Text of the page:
Wine Water, Sadly, Will Not Get You Drunk

Pretend you're a Takeout staffer, and you stumble onto a press release. Could you ignore a headline like this one? Because we, we've found, could not:

What draws you in? Is it the "wine water," a term that seems equal parts ludicrous, intriguing, and vaguely sacrilegious? Is it the mention of the "near water category," a term we just learned and pretty much hate already? Or are you content to scroll on by, perhaps confident that you'll find out what Wine Water is once it starts showing up in sponsored Instagram posts?

For us, the teeth-grinding "near water" situation is just a bonus, if you can call it that. We're here for the Wine Water, which, as it happens, is actually called O.Vine, and won't be here for us until at least next month. The press release crossed our paths thanks to this writeup in Bustle, which describes the drink as "a light and refreshing, non-alcoholic alternative to the real thing, arriving just in time for the season."

Created by a startup called, yes, Wine Water, O.Vine infuses pure spring water with extracts from "wine grape skins and seeds," byproducts of wine-making that might otherwise go to waste. The result, says CEO Anat Levi, is a (near water) beverage that "imparts the wine sensation and awakens the memory of drinking wine," while also allegedly delivering the "health benefits of antioxidants—without the alcohol."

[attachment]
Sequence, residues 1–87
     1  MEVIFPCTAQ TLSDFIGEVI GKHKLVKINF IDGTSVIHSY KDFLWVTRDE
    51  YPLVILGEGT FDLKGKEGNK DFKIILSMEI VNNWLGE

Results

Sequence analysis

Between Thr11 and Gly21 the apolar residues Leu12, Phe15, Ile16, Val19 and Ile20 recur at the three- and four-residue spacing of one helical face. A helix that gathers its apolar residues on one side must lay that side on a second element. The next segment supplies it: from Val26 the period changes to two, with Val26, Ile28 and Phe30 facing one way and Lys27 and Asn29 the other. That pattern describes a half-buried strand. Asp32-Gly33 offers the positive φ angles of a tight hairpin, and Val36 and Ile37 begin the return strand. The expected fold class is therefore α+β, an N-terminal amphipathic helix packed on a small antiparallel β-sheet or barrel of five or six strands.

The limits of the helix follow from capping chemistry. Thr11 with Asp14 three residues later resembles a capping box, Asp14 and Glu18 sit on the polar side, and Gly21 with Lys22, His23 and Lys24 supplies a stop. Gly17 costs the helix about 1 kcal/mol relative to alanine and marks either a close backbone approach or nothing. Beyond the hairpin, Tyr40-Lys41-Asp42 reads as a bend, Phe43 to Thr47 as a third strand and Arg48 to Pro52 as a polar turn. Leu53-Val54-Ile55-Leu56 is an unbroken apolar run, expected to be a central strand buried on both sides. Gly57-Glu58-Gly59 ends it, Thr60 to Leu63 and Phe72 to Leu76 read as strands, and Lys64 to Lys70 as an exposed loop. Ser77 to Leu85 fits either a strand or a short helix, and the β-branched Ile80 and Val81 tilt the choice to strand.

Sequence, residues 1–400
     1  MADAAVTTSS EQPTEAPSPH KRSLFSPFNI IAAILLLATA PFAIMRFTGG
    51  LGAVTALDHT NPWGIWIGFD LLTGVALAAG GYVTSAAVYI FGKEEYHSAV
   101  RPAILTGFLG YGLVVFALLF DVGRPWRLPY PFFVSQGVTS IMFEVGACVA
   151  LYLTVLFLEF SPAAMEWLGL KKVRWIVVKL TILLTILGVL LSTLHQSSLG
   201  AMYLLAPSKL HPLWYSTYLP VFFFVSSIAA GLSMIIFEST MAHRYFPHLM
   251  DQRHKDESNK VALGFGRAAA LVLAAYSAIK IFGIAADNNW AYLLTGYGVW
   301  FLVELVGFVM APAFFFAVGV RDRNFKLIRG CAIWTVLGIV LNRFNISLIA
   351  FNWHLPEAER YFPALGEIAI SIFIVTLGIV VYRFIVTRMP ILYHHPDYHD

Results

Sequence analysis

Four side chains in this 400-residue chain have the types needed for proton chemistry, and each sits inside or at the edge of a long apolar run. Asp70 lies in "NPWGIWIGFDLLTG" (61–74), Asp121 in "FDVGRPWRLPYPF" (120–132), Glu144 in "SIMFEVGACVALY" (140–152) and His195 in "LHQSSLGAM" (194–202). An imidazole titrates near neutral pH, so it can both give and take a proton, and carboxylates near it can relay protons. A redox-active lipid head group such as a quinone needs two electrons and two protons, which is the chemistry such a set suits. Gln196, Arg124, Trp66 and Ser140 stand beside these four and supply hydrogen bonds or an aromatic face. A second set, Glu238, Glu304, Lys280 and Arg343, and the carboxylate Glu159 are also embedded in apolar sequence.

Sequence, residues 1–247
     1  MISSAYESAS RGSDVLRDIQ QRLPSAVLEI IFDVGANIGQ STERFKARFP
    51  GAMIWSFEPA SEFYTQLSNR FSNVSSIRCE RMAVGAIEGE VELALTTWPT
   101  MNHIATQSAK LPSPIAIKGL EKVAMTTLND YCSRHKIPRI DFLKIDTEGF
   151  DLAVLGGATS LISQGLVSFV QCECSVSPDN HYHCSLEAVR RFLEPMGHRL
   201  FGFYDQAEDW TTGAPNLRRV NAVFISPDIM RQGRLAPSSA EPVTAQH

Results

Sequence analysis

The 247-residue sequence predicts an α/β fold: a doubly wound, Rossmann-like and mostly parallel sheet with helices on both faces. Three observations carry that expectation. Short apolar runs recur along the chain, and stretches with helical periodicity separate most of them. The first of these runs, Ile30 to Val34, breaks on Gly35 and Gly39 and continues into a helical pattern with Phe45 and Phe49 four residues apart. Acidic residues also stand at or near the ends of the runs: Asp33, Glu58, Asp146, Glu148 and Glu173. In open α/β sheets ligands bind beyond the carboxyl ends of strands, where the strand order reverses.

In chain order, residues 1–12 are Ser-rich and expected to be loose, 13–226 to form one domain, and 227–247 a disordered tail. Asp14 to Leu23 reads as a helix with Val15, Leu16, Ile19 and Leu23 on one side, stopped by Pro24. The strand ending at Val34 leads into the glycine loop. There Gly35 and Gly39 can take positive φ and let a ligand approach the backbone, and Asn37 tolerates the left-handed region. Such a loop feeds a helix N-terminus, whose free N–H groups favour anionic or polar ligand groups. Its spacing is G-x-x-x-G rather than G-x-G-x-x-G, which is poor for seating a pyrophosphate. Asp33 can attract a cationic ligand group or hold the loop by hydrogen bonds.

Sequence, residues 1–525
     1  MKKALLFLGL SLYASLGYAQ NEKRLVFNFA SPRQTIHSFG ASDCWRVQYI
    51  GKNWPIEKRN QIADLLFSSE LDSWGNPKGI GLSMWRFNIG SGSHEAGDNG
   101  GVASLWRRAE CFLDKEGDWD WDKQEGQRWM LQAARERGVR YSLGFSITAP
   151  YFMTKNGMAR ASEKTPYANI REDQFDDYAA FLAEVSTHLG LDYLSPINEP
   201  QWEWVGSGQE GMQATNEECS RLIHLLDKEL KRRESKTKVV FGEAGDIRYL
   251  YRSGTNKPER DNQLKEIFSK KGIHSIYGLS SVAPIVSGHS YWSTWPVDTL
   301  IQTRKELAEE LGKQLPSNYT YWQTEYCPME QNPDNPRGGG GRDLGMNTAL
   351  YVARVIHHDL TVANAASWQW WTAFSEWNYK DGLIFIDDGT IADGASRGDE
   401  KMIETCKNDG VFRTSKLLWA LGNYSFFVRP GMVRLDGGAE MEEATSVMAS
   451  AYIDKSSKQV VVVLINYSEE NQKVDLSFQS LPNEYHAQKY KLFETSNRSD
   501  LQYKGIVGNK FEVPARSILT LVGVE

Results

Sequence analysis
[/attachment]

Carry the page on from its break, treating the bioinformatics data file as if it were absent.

We at The Takeout must admit that to us, this sounds like grape-infused water, but we'll (mostly) withhold judgment until we can try the stuff. When O.Vine becomes available, near water aficionados will be able to purchase it in either red (made from cabernet, merlot, syrah, and petit verdot) or white (riesling and gewürztraminer), with and without carbonation.